α-Conotoxins

Conesnails are marine gastropods of the genus Conus with around 700 species identified so far. Distinct sets of toxins have been developed by different Conus species as a survival strategy for feeding and defense (Lewis and Garcia, 2003; Lewis et al., 2012; Lebbe et al., 2014). This diverse mixture of biologically active compounds from Conus venoms has been optimally evolved as neurotoxins to target a broad range of ion channels with high potency and selectivity in the PNS and CNS (Lewis and Garcia, 2003; Lewis et al., 2012; Lebbe et al., 2014). In fact, α-conotoxins antagonizing nAChRs were one of the first classes of conopeptides discovered (McIntosh et al., 1999b; Dutertre et al., 2017). To date, α-conotoxins are among the best characterized conotoxins and the largest and most diverse groups of competitive antagonists at the orthosteric site of nAChRs.

Chemistry

α-Conotoxins belong to the A superfamily and are characterized by a CC-Xm-C-Xn-C cysteine framework, which allows for the formation of three possible disulfide connectivities: globular (I-III, II-IV), ribbon (I-IV, II-III) and bead (I-II, III-IV) (McIntosh et al., 1999a; Janes, 2005; Abraham et al., 2017) (Figure 3C). The globular conformation is generally the native bioactive isomer, while the ribbon and bead isomer typically show weak or no inhibition. Most α-conotoxins display a rigid and well-defined three-dimensional structure in solution due to the restraining disulfide bonds and a short 310 α-helical backbone braced by the disulfide bond between CysI and CysIII (Lewis and Garcia, 2003). α-Conotoxins are further divided into structural subgroups with different numbers of loop residues (m/n: 3/5, 5/5, 4/3, 4/4, 4/5, 4/6, and 4/7) between the disulfide bonds that roughly define their pharmacology. For example, the 3/5 framework α-conotoxins typically inhibit neuromuscular nAChRs, the 5/5, 4/3, 4/4, 4/5, and 4/6 subgroups mainly inhibit neuronal nAChRs, while the 4/7 subgroup can inhibit both neuronal and muscle subtypes. In addition, the first loop (m) consists of a conserved hydrophobic patch (Ser-Xaa-Pro), while the second loop (n) is typically more variable (Nicke et al., 2004; Lebbe et al., 2014; Dutertre et al., 2017). While additional cysteine frameworks have been identified more recently, the focus of this review are the typical α-conotoxins where co-crystal structures are available (Lewis et al., 2012).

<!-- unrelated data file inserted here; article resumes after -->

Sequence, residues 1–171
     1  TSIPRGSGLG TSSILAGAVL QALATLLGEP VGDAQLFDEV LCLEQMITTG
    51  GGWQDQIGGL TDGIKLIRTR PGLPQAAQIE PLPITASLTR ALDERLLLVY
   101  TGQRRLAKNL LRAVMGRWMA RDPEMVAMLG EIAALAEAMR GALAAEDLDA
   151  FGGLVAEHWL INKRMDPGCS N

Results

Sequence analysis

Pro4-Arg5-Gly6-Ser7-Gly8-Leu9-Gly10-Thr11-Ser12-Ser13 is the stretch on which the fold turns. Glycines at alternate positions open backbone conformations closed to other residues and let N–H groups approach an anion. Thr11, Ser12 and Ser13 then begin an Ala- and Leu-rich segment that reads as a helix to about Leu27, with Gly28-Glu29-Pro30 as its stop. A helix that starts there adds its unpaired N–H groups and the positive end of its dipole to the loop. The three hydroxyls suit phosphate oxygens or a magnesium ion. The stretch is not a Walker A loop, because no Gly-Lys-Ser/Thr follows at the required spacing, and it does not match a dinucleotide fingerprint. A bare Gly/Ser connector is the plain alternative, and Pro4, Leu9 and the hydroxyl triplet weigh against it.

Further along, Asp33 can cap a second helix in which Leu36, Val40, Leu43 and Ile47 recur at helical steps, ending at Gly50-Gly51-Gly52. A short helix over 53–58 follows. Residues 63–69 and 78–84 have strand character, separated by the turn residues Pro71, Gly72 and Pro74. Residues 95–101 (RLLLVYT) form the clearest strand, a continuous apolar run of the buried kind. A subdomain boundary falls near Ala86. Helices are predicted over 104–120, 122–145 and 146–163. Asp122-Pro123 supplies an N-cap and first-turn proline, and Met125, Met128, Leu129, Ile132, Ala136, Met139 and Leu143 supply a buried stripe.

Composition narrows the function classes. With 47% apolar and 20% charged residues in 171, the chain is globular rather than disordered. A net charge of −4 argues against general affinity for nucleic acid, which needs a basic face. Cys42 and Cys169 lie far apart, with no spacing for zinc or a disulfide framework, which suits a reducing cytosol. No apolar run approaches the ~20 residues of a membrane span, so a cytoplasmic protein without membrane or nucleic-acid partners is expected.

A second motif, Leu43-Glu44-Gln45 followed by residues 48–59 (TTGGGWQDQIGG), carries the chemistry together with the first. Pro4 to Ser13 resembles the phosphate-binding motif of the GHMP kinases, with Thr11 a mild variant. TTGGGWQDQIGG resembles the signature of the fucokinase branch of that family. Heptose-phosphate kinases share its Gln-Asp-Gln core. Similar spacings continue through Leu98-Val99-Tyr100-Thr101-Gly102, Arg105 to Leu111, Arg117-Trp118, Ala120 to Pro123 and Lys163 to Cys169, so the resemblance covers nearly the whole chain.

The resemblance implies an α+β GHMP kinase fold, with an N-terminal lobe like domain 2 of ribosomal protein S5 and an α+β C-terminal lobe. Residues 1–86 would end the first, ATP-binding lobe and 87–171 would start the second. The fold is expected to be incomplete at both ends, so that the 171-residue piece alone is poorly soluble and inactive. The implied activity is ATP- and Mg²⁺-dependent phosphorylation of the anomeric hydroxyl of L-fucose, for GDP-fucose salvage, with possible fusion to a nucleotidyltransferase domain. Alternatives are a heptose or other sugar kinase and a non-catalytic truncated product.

Pharmacology

α-Conotoxins not only selectively block nAChRs but are also able to discriminate between the muscle and neuronal nAChRs subclasses. Remarkably, α-conotoxins can target different neuronal nAChRs subtypes with varying specificity despite their conserved globular fold (Lewis and Garcia, 2003). This makes α-conotoxins excellent tools for the differentiation of binding sites and the determination of ligand binding modes at distinct neuronal nAChR subtypes. Variations within the second loop of different α-conotoxins, even among α-conotoxins from the same subgroups, underlie this hypervariability in subtype selective pharmacology (Lewis et al., 2012). Additional factors, including C-terminal amidation, carboxylation, and sulfonation typically have a smaller influence of subtype selectivity (Ramilo et al., 1992; Craig et al., 1999; Nicke et al., 2003; Prashanth et al., 2012).

Dinoflagellate Toxins

Cyclic imine toxins are lipophilic organic compounds found in marine micro-algae known as dinoflagellates. These toxins accumulate in bivalve molluscs through filter-feeding and produce adverse effects on human health (Picot et al., 2011). Several cyclic imine toxins have been well-studied, including 13-desmethyl spirolide C (SPX) from Alexandrium ostenfeldii and Alexandrium peruvianum (Cembella et al., 1999; Hu et al., 2001), gymonodimine A (GYM) from Karenia selliformis (Haywood et al., 2004) and pinnatoxin-A and G (PnTx-A and PnTx-G) from Pinna attenuata and Pinna muricata (Otero et al., 2011).

Chemistry